In the Kitchen With …. Mallory Rakay

In the Kitchen With …. Mallory Rakay

Story by Tara Jones

Photos by Amanda Wilson

One year ago, Mallory Rakay stepped away from her job as a pharmacist and decided it was time to follow her dream of owning a bakery.

“I was sitting on the couch one Sunday evening, and I didn’t want to go to work. My husband asked me what I would do if I didn’t have to, and I was like, ‘I’d bake,’” Rakay recalled.

No idea where to start, Rakay reached out to a friend who owns a bakery in Ashland. Her advice was to start at farmers markets, and Rakay signed up for her first full season in Bluffton that May.

“It’s like putting your baby out there. You’re watching people eat your stuff like, ‘Oh, do they think it’s good? I know it’s good, my brothers know it’s good, and my mom tells me it’s good, but she would tell me dirt tastes good,’” she said. “There was a little bit of that, but once you start to get some really good feedback from the community around, it just kind of grows.”

Her husband, Rich, is a pastor at Delphos Trinity United Methodist Church, so they struck a deal with the church and she uses the kitchen in the Family Life Center where the self-taught baker now runs Noble Goose Bakehouse full time.

Now, Rakay gets most of her inspiration from cookbooks, but her baking journey began much like everyone else’s.

“It always starts with a grandma,” she laughed. “She would just give me a Betty Crocker cookbook and say entertain yourself, go to town, eat as much cookie dough as you want. If you’ve ever worked with me or known me, you’ve probably gotten a baked good of some kind. That’s like my love language, is feeding people.”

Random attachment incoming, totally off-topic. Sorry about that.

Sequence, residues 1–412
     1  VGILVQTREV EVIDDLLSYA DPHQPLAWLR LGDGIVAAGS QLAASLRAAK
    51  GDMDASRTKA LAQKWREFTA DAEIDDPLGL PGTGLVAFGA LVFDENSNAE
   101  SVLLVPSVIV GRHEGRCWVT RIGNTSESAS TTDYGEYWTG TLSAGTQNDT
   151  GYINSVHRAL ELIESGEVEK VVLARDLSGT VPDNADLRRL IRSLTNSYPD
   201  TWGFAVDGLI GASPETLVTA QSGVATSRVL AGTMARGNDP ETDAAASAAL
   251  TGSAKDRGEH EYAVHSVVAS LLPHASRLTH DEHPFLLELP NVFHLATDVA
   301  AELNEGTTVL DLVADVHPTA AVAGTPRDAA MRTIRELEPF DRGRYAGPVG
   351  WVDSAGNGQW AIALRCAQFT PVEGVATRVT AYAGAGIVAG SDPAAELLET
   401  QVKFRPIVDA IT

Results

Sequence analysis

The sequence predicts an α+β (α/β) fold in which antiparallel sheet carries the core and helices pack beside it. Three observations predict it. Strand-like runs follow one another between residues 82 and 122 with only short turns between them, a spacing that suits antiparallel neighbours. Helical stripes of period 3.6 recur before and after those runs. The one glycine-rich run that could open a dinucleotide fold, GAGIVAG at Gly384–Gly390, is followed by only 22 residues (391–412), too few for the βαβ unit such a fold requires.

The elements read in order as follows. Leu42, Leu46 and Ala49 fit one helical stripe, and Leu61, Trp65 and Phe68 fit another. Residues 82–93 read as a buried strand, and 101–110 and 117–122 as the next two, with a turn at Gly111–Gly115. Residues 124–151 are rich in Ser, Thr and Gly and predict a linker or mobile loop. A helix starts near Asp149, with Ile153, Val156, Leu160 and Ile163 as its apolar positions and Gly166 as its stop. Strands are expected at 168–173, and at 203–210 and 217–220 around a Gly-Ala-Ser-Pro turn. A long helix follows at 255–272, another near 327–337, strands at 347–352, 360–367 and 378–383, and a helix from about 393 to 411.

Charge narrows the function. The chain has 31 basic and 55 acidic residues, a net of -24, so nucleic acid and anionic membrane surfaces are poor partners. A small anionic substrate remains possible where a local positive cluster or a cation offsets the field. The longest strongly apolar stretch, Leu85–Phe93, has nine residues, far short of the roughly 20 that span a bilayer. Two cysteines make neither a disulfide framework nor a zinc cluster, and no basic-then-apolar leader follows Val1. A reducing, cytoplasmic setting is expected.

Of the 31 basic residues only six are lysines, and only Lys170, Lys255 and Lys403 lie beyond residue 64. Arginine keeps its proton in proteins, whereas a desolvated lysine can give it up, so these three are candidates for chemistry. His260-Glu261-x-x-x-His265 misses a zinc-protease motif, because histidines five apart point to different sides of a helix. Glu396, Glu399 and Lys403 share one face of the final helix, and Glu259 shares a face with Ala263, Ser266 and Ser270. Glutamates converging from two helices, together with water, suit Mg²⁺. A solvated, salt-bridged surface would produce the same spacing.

Her family’s love language was always pie.

“We were always a pie family. Everyone would rather have pie than cake. My grandma was always making a pie, and we would always be at her apron skirts,” she recalled.

The Noble Goose Bakehouse’s menu includes mostly pies, scones, muffins, bars, sourdough bread and cakes. In addition to still working several farmers markets weekly, Rakay has partnered with Coffe Amor’s retail locations and Topp Chalet in Delphos to sell her baked goods.

“That’s been one of the coolest things is the encouragement of people just from Facebook, in person, at the grocery store — they’re all just so happy to see someone jump in and trying. … There hasn’t been a bakery in town for a really long time,” she said. “There’s only 7,000 people in Delphos, so the market is going to be small, but Lima and Van Wert are close by. You have to build small and slow, and it’ll work.”

Rakay’s goal for the Noble Goose Bakehouse is to work her way into her own retail space.

“A bakehouse in history has been a place where a lot of people can come there and bake their breads. That would be the social hour of the day,” she explained. “We want to have a place where people can come together to have meetings, to have Bible studies, to have after-school homework meetings, grab a cup of coffee and meet up with your girlfriend, old men can come sit in the morning and keep me company, whatever it is.”

Rakay said the plan to get there is just to continue to follow her dreams, jumping all in.

“It’s something I’ve always had in the back of my mind like, ‘If I wasn’t doing this, what would I do? I would own a bakery,’” she said. “I woke up one day and realized I don’t want to wake up at 70 years old and said I should have tried that. I can always go back to pharmacy, it’s there, I have my license, I can go back. I’m 36 years old, just do it. It’s one of those cool things where I feel that God put it on my heart to bake and to feed people, so I’m just trying to figure out a way to do that.”